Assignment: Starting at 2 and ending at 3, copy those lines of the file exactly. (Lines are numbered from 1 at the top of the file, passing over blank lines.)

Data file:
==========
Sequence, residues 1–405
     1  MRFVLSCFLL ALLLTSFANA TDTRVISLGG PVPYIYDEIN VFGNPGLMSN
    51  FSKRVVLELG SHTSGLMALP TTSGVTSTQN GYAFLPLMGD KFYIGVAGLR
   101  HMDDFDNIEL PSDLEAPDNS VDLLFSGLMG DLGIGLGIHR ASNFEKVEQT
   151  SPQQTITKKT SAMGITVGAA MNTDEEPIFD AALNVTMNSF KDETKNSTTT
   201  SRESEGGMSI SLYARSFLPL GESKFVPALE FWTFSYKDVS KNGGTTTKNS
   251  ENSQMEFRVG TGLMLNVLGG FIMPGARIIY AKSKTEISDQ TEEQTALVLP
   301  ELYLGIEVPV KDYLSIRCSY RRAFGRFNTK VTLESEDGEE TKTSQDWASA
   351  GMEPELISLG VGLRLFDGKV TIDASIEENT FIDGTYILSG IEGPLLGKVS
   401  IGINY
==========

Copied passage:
     1  MRFVLSCFLL ALLLTSFANA TDTRVISLGG PVPYIYDEIN VFGNPGLMSN
    51  FSKRVVLELG SHTSGLMALP TTSGVTSTQN GYAFLPLMGD KFYIGVAGLR